Five short poems without titles (Oct 1985)

Five short poems without titles. Written for a BBC2 documentary December 1985

Here we go, the women of the Coalfields
History has never seen the like
Women of the working class arising
Phoenix from the ashes of the strike

They are daughters of the working classes
Loyal miners mothers, miners wives
Wakened by the strike to new awareness
Now go on, to reconstruct their lives

Some have got an appetite for learning
Some, have reached the giddy heights of fame
Some, are happy caring or the people that they love
But, their lives can never be the same

Tho’ the changes may come very slowly
In the liberation they have earned
They have gained a confidence they didn’t have before
Last year’s lessons, cannot be ‘unlearned’.

We’ve just been and put our house up for sale
It’s not that we’re wanting to flit
But, what with the increased repayments, and such
We’re getting behind, just a bit

We struggled along, for the length of the strike
We practically lived on fresh air
The bills mounted up, but then what could we do
You can’t pay with what isn’t there

But, now we’re all back to a normal routine
And, creditors want to be paid
I just hope, the future is one that is worth
The sacrifice, we all have made

You can legislate
You can bend the law
You can tell me what to do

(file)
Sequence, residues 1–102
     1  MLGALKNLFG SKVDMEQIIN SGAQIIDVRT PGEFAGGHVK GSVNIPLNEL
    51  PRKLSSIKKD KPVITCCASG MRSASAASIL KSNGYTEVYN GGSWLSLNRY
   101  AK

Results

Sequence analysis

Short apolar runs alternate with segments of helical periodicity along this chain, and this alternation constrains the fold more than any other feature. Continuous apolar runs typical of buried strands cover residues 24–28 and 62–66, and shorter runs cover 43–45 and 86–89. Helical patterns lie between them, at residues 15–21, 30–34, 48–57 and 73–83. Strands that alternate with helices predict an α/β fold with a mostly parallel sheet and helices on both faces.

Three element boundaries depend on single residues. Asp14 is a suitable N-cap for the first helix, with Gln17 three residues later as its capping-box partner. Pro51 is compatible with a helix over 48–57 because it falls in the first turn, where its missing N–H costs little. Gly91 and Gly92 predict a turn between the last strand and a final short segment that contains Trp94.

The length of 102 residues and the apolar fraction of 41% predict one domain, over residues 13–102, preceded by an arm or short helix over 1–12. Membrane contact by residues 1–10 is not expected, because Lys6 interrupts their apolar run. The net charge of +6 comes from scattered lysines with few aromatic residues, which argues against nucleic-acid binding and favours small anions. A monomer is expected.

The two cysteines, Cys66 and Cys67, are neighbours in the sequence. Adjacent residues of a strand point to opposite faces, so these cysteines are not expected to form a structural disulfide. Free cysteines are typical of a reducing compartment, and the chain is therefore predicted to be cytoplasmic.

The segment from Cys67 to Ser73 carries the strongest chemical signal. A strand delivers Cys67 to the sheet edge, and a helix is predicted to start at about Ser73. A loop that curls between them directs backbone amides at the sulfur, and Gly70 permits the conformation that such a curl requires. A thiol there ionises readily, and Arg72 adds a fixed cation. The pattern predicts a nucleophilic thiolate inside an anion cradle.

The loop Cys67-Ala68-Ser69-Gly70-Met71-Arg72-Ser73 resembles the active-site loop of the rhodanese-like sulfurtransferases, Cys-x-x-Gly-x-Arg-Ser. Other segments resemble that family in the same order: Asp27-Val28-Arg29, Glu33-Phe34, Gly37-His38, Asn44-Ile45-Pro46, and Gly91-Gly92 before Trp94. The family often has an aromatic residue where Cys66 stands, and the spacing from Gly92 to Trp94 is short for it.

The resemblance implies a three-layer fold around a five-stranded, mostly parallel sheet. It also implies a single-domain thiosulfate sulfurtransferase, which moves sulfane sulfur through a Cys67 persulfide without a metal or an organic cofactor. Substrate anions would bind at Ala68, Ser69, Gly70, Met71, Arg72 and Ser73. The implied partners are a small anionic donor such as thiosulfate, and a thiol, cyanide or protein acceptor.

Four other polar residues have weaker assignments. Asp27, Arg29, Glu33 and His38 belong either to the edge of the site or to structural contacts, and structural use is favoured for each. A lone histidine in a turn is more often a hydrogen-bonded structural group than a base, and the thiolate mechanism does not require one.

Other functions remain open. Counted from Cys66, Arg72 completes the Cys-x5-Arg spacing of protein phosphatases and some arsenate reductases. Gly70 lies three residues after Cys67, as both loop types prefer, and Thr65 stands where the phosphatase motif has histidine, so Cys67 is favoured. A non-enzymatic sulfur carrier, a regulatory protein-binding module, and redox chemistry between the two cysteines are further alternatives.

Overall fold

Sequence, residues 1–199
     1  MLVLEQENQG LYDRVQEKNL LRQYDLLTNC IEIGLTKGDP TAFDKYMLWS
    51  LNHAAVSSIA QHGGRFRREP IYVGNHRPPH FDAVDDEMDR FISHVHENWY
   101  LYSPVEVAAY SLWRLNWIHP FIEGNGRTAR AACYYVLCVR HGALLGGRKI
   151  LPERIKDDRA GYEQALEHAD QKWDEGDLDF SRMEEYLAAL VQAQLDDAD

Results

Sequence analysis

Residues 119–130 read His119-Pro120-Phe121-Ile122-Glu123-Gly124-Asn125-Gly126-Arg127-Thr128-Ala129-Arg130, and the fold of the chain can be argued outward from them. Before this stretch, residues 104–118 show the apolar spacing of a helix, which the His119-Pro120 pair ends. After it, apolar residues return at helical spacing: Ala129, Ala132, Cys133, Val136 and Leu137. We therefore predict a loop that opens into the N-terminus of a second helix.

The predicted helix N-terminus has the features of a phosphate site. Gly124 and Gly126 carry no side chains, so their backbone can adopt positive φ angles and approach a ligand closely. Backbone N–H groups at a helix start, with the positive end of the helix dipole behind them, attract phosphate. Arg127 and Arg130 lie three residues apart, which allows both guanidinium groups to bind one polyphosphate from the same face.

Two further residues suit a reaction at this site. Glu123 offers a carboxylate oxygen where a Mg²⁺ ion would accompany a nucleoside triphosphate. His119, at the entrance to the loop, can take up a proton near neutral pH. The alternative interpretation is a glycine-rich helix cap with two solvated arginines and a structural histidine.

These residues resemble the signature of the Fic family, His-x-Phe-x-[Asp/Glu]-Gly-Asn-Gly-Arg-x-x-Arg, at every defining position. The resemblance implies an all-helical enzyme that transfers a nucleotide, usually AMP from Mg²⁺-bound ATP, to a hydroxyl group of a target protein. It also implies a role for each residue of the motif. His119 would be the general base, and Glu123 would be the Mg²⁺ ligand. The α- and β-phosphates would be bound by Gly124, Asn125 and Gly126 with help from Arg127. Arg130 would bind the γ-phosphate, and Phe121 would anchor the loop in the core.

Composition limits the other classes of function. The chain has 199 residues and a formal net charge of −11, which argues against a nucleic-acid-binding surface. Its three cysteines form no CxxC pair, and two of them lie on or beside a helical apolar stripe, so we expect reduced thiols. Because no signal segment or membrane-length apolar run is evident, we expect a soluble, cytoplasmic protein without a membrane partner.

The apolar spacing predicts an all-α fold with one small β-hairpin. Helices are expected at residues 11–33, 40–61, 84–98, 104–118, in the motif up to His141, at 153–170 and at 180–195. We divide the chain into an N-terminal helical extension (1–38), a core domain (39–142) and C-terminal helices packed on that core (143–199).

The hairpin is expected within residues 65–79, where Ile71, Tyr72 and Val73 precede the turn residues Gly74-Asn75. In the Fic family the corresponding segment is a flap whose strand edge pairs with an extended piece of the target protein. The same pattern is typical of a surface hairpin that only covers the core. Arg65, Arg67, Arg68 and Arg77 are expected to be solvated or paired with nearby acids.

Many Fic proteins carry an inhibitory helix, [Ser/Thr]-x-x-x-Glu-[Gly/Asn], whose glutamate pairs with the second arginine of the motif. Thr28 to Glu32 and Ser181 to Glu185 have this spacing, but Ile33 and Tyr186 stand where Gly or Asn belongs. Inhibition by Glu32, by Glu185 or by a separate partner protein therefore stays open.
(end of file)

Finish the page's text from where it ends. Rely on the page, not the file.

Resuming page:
You can change the rules as you go along
So the ‘deck is stacked’ for you
You can choose the words
You will let me use
You can tell me how to live
But, if I’ve a mind I can call my own
You can’t make me forgive

I can’t understand what has happened to Kim
There’s been such a terrible change
When I think of how that girl acted before
I can’t understand such a change

A beautiful hand with the pastry she had
Her sponge cakes were lovely and light
But, now it’s all muesli, and yoghurt, and nuts
While she’s out at meetings each night

We could have gone on, for the rest of our lives
Never knowing, just what she was like
And, she’d have been trapped in our image of her
If it hadn’t have been for the strike.

Black on the face of my Father
When he came home, ‘in his muck’
Black, is the water, that runs thigh deep
Through the mine, at Ledston Luck
Black, is the coal
That is torn from seams
That are soaked in sweat and blood
And, Black is the future of those I love
When they close the mines for good.

October 1985